Littlehampton’s lifeboats tackle three separate incidents in 24 hours
At 2.22pm on Saturday 7 October, Littlehampton RNLI’s Atlantic 85 Renée Sherman lifeboat and volunteer crew launched in response to a call from the UK Coastguard to assist the Selsey lifeboat in the search for a group of kayakers who were reported to be in difficulty.
With force five winds and a moderately choppy sea, the kayakers were believed to be two and a half miles west of the harbour entrance.
The initial report stated there were five kayakers involved, at the scene two of the five were quickly located and taken aboard the Selsey lifeboat, then taken back to Littlehampton Harbour.
A further fifteen casualties were identified by the UK Coastguard Coastal Search team and were recovered safely to the shoreline at West Beach. At 3.08pm the UK Coastguard requested the Littlehampton lifeboat to stand down and return to the station.
On Sunday 8 October May Littlehampton RNLI received a call at 10.32am from a leisure craft reporting there was a dog that appeared to be stranded on the shingle beach, west of the harbour entrance.
The station's D Class lifeboat Ray of Hope and its volunteer crew launched and headed out to the reported scene. On arrival the dog had been recovered by its owner and both were safely ashore. The lifeboat returned to the station at 10.47am, where it was refuelled and made ready for service.
The second call on Sunday was received at 8.33pm from Shoreham RNLI requesting assistance from Littlehampton RNLI to take over the towing of a leisure craft that had left Brighton Marina earlier in the day, but had broken down just off Lancing and was without any power and therefore unable to continue its journey.
Shoreham lifeboat had received the initial communication via VHF radio from the casualty and launched in readiness to take the casualty with three people on board under tow.
Again, Littlehampton RNLI’s D Class Ray of Hope lifeboat launched and made rendezvous with Shoreham lifeboat some 500 metres south of the harbour entrance. The casualty was towed back to Littlehampton Harbour and was safely secured alongside the Harbour Boards Visitors mooring. The lifeboat returned to the station at 9.45pm.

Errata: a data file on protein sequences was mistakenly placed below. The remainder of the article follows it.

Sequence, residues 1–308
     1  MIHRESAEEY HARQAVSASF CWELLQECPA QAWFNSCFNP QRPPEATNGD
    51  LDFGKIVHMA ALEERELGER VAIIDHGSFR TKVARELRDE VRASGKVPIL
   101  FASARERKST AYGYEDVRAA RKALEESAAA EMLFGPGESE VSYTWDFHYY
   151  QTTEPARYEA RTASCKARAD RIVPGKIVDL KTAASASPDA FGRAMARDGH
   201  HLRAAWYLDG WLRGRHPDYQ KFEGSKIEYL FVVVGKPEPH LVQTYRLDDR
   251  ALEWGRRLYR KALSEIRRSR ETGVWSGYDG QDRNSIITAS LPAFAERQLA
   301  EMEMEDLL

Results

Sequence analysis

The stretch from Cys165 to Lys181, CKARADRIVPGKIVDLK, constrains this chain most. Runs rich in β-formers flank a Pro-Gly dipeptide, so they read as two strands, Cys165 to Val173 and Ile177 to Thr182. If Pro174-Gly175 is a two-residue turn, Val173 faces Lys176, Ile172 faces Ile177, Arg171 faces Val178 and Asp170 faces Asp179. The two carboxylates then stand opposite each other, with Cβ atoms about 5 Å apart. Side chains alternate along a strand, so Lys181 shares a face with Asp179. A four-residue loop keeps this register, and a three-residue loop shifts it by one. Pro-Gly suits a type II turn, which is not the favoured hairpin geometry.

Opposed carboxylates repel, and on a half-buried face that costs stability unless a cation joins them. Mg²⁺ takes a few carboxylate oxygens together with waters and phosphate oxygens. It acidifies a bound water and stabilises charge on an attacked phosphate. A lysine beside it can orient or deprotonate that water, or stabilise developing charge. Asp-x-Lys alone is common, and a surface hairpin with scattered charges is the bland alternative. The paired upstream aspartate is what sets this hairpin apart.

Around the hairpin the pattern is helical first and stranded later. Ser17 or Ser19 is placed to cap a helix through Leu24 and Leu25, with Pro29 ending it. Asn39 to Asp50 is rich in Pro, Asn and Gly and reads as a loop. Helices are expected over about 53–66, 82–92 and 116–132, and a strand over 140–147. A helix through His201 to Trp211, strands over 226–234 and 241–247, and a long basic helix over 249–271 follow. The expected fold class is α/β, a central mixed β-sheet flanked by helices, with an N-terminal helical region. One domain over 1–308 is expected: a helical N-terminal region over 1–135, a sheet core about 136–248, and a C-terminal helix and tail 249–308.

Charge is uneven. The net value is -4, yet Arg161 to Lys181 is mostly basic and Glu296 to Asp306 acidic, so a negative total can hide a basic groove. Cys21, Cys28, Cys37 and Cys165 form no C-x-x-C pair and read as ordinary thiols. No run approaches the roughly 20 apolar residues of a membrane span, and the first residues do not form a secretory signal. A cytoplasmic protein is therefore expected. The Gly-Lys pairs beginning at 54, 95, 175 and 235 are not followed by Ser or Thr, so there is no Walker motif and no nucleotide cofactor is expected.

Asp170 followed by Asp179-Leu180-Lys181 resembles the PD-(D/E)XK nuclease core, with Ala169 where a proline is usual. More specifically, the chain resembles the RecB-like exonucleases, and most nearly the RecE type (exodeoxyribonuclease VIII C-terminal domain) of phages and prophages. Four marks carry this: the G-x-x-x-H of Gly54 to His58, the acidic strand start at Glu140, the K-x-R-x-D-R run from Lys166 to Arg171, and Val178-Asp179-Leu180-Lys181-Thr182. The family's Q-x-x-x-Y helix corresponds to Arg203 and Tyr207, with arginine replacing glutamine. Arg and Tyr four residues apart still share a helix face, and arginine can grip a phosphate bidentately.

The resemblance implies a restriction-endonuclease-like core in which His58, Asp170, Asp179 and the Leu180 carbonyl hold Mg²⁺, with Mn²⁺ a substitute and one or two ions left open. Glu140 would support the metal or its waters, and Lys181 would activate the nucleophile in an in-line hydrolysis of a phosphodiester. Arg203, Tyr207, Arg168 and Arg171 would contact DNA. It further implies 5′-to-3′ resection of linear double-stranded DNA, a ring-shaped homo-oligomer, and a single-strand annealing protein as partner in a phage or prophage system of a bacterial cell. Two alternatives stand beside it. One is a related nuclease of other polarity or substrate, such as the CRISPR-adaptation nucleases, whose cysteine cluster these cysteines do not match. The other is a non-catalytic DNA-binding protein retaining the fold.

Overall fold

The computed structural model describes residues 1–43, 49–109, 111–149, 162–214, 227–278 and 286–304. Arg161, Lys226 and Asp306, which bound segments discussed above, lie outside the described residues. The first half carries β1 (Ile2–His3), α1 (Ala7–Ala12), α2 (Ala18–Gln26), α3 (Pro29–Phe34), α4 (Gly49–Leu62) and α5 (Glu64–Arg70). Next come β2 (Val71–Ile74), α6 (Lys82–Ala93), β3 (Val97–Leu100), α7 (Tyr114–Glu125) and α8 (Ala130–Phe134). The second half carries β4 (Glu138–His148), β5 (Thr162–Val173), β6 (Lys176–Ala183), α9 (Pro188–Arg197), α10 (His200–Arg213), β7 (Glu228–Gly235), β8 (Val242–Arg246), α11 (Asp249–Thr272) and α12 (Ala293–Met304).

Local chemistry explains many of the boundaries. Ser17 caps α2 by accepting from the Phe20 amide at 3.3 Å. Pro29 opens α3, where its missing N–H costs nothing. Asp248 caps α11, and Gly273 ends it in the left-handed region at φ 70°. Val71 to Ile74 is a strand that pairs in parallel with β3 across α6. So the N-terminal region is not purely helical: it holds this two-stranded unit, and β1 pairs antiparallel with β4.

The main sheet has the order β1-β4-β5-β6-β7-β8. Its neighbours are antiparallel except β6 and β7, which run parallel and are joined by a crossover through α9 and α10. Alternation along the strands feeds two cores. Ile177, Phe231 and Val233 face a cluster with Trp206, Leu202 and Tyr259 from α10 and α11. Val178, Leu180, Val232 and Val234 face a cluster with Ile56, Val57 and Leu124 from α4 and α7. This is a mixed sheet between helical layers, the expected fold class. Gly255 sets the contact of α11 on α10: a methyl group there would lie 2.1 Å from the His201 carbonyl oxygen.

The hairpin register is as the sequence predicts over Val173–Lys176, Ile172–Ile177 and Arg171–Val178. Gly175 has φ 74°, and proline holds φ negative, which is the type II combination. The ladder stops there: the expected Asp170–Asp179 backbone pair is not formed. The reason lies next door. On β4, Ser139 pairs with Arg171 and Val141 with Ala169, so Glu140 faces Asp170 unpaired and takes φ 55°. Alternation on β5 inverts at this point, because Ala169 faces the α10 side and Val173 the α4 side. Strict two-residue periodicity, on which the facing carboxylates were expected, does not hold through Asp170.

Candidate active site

RNLI media contacts
- Ray Pye, Littlehampton RNLI Volunteer Lifeboat Press Officer / 07854 074688, email email@example.com
- Paul Dunt, Regional Media Officer (South East) on 0207 6207416, 07786 668825 email firstname.lastname@example.org
- For enquiries outside normal business hours, contact the RNLI duty press officer on 01202 336789 email email@example.com
Key facts about the RNLI
The Royal National Lifeboat Institution is the charity that saves lives at sea. Our volunteers provide a 24-hour search and rescue service in the United Kingdom and Ireland from 238 lifeboat stations, including four along the River Thames and inland lifeboat stations at Loch Ness, Lough Derg, Enniskillen and Lough Ree. Additionally the RNLI has more than 1,000 lifeguards on over 240 beaches around the UK and operates a specialist flood rescue team, which can respond anywhere across the UK and Ireland when inland flooding puts lives at risk.
The RNLI relies on public donations and legacies to maintain its rescue service. As a charity it is separate from, but works alongside, government-controlled and funded coastguard services. Since the RNLI was founded in 1824 our lifeboat crews and lifeguards have saved at least 140,000 lives. Volunteers make up 95% of the charity, including 4,600 volunteer lifeboat crew members and 3,000 volunteer shore crew. Additionally, tens of thousands of other dedicated volunteers raise funds and awareness, give safety advice, and help in our museums, shops and offices.
Learn more about the RNLI
Contacting the RNLI - public enquiries
Members of the public may contact the RNLI on 0300 300 9990 or by email.
The RNLI is a charity registered in England and Wales (209603) and Scotland (SC037736). Charity number 20003326 in the Republic of Ireland